IMAGINE Maryland as the hub of the nation's most successful information-technology economy. Picture the corridor down Interestate 95 from Baltimore to Washington and around Interstate 495 through Northern Virginia as the new Silicon Valley of the Information Age.
If the region's public and private-sector leaders rally around such a vision, it could assure Maryland's economic well-being far into the 21st century.
The primary driver of the nation's economy for at least the next several decades will be information technology. The U.S. Bureau of Labor Statistics estimates that by the year 2005 those kinds of jobs will almost double.
Companies that store, retrieve or disseminate information will be our nation's dominant businesses, and rapid access to knowledge will be our nation's most important product.
Competition for global leadership in the information-technology-based economy will be fierce among our nation's major metropolitan regions because if offers the holy grail of economic development.
It's environmentally clean, labor-intensive and dependent on a highly skilled workforce. Only regions with certain intrinsic advantages have a chance to achieve a leadership role in this economy. Fortunately, we are one of these.
First, our region is a world leader in data base development and management. Everything people want is, to a large extent, located within 15 miles of the Baltimore-Washington corridor.
From the Library of Congress to the National Archives in College Park, to the National Library of Medicine, to the Human Genome Project database at Johns Hopkins, our region is the world repository of an overwhelming amount of data and information.
Second, we have federal installations operating on the cutting edge of information networking, storage, retrieval and dissemination.
NASA's Goddard Space Flight Center is the primary source of data about the Earth's environment. The National Institute of Standards and Technology develops what are, in effect, international technological protocols. The National Security Agency operates the world's most advanced telecommunications network.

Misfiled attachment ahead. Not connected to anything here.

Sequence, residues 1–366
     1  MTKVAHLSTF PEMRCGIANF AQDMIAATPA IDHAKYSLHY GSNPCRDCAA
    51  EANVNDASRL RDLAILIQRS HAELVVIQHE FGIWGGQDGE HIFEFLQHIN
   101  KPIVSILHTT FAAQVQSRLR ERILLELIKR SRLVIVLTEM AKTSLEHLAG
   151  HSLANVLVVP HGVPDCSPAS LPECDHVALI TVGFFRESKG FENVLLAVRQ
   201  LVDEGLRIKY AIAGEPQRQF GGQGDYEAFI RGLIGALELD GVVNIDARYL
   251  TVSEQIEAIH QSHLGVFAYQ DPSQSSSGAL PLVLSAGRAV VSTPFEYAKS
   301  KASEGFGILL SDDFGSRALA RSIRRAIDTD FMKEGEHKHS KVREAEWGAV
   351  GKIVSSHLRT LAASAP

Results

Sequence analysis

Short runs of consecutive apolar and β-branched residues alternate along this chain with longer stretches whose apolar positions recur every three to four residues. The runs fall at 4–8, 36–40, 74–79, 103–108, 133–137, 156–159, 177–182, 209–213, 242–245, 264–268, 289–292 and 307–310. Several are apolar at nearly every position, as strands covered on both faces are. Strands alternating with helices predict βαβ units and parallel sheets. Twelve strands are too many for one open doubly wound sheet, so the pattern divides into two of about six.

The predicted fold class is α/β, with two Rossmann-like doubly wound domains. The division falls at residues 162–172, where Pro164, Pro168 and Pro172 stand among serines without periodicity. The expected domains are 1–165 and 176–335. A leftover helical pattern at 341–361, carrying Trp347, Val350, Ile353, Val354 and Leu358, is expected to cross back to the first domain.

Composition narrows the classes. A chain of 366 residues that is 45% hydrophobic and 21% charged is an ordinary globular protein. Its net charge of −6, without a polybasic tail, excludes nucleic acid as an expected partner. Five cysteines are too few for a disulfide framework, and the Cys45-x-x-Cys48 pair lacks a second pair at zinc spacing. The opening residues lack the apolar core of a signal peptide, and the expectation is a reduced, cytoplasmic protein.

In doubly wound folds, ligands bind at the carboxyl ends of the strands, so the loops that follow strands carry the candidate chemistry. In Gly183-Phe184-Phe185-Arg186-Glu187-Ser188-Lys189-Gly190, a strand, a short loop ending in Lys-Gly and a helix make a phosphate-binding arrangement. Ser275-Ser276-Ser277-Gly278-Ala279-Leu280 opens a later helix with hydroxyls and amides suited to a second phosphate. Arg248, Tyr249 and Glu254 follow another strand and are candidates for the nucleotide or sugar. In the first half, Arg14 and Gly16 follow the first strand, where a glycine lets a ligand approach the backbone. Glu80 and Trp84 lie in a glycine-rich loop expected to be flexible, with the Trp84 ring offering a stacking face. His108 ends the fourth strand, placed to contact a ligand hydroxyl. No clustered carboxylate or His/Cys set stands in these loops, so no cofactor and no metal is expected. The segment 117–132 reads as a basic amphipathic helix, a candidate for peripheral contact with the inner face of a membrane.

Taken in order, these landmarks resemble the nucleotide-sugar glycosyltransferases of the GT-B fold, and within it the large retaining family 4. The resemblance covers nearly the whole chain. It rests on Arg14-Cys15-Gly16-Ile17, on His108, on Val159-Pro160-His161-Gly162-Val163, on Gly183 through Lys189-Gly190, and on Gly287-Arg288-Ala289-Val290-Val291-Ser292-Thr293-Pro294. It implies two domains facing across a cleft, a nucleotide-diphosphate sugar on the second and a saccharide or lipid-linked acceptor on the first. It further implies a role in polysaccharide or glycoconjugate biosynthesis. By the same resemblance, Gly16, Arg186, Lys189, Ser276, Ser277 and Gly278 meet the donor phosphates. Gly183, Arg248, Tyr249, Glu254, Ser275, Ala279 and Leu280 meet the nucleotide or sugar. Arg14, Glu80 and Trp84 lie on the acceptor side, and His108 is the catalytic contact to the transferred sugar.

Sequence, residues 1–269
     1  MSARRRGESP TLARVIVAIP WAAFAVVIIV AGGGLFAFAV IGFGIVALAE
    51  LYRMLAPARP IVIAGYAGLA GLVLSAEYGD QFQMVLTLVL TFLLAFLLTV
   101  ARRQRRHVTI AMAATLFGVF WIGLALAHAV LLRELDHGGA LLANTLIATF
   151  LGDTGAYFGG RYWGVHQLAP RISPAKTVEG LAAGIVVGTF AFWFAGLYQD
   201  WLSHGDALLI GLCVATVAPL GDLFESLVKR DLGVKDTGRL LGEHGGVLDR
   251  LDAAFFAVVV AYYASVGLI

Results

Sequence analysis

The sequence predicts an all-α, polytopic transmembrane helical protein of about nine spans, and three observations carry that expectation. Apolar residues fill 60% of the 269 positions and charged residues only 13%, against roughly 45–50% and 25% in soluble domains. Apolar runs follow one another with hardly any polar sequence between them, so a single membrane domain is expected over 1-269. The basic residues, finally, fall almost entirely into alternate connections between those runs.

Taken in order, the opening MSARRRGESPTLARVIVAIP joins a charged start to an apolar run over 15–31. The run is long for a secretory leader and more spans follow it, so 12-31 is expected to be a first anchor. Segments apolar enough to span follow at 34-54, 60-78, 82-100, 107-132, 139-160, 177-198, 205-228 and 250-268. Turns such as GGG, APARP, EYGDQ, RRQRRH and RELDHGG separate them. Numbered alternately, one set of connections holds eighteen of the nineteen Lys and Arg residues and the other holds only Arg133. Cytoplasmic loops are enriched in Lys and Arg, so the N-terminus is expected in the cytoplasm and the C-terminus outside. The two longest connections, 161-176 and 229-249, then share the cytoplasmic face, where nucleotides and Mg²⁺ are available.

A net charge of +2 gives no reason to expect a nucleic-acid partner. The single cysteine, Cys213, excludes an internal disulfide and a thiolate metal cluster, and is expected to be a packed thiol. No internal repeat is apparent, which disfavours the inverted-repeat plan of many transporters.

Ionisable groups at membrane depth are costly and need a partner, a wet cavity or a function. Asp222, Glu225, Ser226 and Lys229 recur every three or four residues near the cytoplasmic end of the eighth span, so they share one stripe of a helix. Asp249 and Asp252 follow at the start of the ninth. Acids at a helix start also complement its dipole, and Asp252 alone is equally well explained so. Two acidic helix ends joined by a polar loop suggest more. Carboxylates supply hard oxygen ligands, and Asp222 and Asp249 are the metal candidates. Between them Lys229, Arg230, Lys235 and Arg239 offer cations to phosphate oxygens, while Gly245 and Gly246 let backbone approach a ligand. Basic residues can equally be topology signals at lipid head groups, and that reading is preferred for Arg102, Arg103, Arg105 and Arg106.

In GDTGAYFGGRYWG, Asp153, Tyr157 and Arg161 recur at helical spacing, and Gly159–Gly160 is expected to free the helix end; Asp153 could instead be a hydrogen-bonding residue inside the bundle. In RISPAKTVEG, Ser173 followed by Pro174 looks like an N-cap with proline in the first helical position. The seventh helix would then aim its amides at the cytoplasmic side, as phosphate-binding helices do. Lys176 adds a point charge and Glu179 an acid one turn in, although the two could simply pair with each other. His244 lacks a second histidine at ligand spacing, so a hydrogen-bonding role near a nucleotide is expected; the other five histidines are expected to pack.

The presence of such federal laboratories has already attracted large numbers of "knowledge workers" and information technology businesses to our region.
Third, our region is home to an impressive number of leading information companies such as Lockheed Martin, Tracor, SAIC, Bell Atlantic-Maryland, the Computer Sciences Corp., Hughes Network Systems, and COMSAT. Northern Virginia is awash in leading companies in computer networking and Internet applications. Maryland is rich in such firms, such as Timonium-based Riparius Ventures, an innovator in Internet telephone technology, Linthicum's Siena Corp., Digex in Beltsville and Yurie Systems in Lanham.
Finally, our region has outstanding academic programs that fuel the information age economy.
The University of Maryland, College Park, has top-rated programs in computer science, electrical engineering and telecommunications. The Johns Hopkins University and UMCP are outstanding engineering colleges. The University of
Maryland, Baltimore, and Johns Hopkins are world leaders in telemedicine, an area certain to spawn considerable economic activity in the future.
But we are in a fiercely competitive race against other regions. Realizing our potential is far from certain. In fact, one might even call it a long shot. Success will require that, as a region, we take several steps and soon.
We need to understand the opportunity we have. This is perhaps the most difficult of all of our challenges.
The state's Strategic Economic Development Plan, recently released by the Department of Business and Economic Development, is a big step in the right direction. It identifies many of Maryland's strengths in information technology and offers some cogent strategies for future economic growth. This document needs wide dispersion and broad support.
We must build an information technology infrastructure that can support an Information Age economy. Maryland's infrastructure is falling behind that of many other states. We need high-speed, fiber-optic links connecting our counties and major communities and we need them now.
Through a remarkable public/private sector initiative called Smart Valley, the Silicon Valley region is well on its way to creating precisely the kind of advanced information infrastructure and connectivity we need. We should emulate this effort.
We also need a focused economic development strategy that supports information companies. We need a marketing campaign that lets the world know the phenomenal assets we have, as well as our intention to become a mecca for Information Age companies.